The Jewish Week; January 13, 1994; "The Jewish Week is an independent newspaper serving the New York City area. The Jewish Week publishes news, editorials, and feature articles of interest to the Jewish community."
The Philadelphia Tribune; January 14, 1994;
Founded in 1884, The Philadelphia Tribune is a daily local newspaper for the African-American community. The Philadelphia Tribune Co. owns and publishes the paper and it has a circulation of over 200,000 readers
By January, 2000 has changed to "Article copyright Philadelphia Tribune Company, Inc."
AsianWeek; January 14, 1994
AsianWeek is the largest English language newspaper serving the Asian/Pacific Islander American community. AsianWeek chronicles the Asian Pacific American experience through reports on the people, events, and ideas prevalent in the culture.
New York Amsterdam News; January 22, 1994;
Amsterdam News is a weekly Black community newspaper published by Amsterdam News. It has been in publication since 1909. The publisher is Ellinor Tatum.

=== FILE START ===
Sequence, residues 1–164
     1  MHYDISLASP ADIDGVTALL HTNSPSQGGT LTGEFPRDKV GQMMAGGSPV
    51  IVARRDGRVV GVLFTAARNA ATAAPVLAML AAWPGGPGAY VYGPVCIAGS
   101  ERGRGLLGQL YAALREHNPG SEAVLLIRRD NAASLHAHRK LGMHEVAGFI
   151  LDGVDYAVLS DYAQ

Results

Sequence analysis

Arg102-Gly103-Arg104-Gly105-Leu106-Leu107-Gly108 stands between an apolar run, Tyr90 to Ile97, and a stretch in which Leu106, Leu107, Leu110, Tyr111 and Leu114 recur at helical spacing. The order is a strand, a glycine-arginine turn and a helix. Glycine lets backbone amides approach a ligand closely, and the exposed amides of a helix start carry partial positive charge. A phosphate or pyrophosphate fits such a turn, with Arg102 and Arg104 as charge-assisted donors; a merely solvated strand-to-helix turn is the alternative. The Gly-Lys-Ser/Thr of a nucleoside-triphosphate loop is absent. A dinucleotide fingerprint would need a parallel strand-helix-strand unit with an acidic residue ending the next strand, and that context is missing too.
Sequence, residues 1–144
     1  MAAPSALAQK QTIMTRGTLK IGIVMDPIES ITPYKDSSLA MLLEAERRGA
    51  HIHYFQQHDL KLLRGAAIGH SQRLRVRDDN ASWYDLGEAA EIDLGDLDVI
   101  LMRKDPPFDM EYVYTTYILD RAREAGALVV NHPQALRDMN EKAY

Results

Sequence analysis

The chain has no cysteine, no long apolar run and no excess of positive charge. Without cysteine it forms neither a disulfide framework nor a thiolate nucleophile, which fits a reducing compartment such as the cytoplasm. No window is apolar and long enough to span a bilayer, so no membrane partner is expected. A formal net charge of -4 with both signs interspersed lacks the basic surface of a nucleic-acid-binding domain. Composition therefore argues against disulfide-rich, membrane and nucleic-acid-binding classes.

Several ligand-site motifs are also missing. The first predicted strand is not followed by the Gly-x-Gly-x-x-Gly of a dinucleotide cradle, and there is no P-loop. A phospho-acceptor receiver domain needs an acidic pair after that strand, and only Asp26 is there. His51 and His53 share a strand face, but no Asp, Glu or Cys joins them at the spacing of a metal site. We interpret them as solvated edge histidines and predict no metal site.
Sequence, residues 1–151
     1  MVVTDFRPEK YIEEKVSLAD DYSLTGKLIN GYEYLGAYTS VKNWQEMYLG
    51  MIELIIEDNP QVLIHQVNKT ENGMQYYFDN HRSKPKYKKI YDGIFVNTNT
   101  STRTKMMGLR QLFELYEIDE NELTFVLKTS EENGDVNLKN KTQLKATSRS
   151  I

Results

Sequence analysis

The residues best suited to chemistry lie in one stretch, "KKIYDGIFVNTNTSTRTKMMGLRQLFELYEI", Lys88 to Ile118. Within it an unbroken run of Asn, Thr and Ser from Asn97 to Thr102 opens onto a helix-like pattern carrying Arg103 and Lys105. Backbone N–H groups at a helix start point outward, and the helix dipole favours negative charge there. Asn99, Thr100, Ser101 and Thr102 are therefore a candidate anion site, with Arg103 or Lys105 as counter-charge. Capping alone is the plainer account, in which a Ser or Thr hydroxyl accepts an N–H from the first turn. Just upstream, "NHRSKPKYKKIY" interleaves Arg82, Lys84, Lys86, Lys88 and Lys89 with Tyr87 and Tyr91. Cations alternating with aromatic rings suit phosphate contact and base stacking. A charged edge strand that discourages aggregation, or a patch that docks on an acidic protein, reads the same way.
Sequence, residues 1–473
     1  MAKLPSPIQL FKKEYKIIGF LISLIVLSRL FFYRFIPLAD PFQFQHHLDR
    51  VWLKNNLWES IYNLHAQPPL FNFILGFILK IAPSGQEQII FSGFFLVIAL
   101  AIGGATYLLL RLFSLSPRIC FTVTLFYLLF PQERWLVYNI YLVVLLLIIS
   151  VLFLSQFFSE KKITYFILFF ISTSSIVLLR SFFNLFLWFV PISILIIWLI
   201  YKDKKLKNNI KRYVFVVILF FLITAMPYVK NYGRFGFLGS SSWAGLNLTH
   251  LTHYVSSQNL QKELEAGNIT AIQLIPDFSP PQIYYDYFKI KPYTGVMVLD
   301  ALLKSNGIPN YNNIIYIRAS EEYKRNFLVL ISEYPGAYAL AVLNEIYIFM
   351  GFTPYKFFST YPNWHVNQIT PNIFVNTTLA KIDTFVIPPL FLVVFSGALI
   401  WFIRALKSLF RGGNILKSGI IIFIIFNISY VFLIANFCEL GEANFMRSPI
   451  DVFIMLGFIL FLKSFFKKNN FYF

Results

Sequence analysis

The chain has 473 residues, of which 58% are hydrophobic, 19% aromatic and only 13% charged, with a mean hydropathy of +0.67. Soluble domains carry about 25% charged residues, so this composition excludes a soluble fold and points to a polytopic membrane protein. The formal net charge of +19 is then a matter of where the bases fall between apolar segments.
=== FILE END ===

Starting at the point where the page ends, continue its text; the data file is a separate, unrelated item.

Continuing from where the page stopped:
India Abroad; January 28, 1994;
Weekly newspaper providing information on business, economic, and social issues and how they relate to Indian culture.
Caribbean Today; January 31, 1994
Newsmagazine covers news, politics, business, sports, travel, entertainment, and arts of the Caribbean.
Asian Pages; on January 31, 1994;
The New York Beacon; on February 4, 1994;
Washington Afro-American; February 5, 1994;
Baltimore Afro-American; February 5, 1994
The Filipino Express, Jan. 15, 1994
An answers.com page on the singer Dionne Warwick, attributed to an altruistic writer named Mary Kalfatovic, who must have a lot of time on her hands, lists as its source material 4 books, and 16 periodical records, (but oddly, without giving us the article's actual titles,) followed by this comment: "Information also obtained from Ethnic Newswatch, Softline Information, Inc, Stamford, CT." However--it isn't clear how this corporation would possess useful celebrity information not already available in the public domain.
The Filipino Reporter was apparently founded in 1972, as a media tool to manipulate a conflict---be it Maoist, Muslim, or simply mercenary; covering an artificial campaign of Muslim terror for a readership that was predominantly (90 percent) Roman Catholic, and who enjoyed feeling put upon and victimized like their crucified savior.